- Adam Lichtenstein Palm Beach Post Staff Writer
American Heritage’s boys soccer program became accustomed to success. The Stallions won three state championships and appeared in three others from 2004 to 2011, missing the title game in only two years.
But since then, the team has struggled to get back to that level, falling in the regional finals in 2013, 2014, and 2015. The Stallions got knocked out in the regional quarterfinals in 2016 and the regional semifinals last year.
But now Heritage (19-3-1) is going back to where it feels it belongs. The Stallions will play Jacksonville-Bolles (15-2-3) at 4 p.m. Thursday in Deland in the Class 2A state title game.
“When I first had the opportunity to come to this school, I was outside of the area — I was in the D.C. Metro Area — so when I came down, I found out that this school is a big, big traditional powerhouse,” coach Jonathan Frias said. “But it’s gone, in terms of the results, it hasn’t gone well. So getting back to the finals is (important).”
“They’ve really been what I consider spoiled because they’ve always had success.”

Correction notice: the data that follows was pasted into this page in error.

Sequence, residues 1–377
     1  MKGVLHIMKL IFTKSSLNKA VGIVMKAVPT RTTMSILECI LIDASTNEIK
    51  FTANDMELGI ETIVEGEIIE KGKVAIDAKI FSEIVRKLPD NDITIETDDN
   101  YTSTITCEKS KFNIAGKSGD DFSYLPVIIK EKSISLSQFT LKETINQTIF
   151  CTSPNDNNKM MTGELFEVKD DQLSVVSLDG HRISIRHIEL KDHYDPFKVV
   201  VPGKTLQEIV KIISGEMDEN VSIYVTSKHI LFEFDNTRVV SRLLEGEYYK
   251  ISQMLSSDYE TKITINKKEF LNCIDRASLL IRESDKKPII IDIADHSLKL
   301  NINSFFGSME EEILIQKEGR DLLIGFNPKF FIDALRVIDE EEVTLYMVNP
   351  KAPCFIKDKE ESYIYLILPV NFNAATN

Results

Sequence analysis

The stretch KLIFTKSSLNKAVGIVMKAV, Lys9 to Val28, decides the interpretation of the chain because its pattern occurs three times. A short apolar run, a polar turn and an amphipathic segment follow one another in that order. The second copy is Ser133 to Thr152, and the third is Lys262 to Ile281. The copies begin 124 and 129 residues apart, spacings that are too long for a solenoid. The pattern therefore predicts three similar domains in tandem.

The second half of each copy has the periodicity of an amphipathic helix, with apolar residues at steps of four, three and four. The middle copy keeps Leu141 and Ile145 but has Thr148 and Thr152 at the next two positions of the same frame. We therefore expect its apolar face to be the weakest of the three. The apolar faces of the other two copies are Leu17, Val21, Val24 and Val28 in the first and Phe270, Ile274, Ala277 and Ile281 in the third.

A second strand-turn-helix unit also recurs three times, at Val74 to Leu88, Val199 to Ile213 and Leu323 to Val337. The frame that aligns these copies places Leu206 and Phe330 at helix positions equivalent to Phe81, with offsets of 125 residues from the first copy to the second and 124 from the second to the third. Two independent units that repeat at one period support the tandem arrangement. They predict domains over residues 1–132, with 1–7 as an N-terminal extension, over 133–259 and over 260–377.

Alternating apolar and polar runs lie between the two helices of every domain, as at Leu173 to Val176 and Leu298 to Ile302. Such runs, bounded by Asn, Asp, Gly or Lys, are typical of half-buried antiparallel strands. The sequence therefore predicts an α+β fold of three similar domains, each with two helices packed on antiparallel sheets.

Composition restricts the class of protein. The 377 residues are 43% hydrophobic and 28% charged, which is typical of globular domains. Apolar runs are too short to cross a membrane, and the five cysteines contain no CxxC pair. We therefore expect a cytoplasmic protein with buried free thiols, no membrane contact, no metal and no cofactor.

The Stallions made it back to the title game with a 3-0 semifinal win on the road against LaBelle on Saturday.
“It was a little frustrating because we just couldn’t get that elusive goal,” Frias said. “We ended up getting it at the 30-minute mark, and we could’ve scored three or four before that.”
Frias said senior forward Alexandre Guichard has been the key for Heritage during the Stallions’ playoff run. Guichard leads the team with 32 goals and is among the top playmakers, racking up 20 assists so far this season.
“He’s what I consider a target player, the guy we’ve relied on a lot,” Frias said.
The Stallions have gotten major contributions all season from first-team All-Area pick Douglas Phillips (20 goals), goalkeeper Brian Lopez (0.74 goals against average), midfielder Riley Ferch (13 goals, 26 assists) and defender Kharym Florvil (four goals, six assists).
Those players are some of the Stallions’ 13 seniors, who have been through the program’s downswing and are now hoping to end their high school careers on a high note.
“Because of our senior class … we’ve always tried to be grounded,” Frias said, “because as we found out last year, especially from some of the kids that have played at high levels, they were a little bit overconfident.”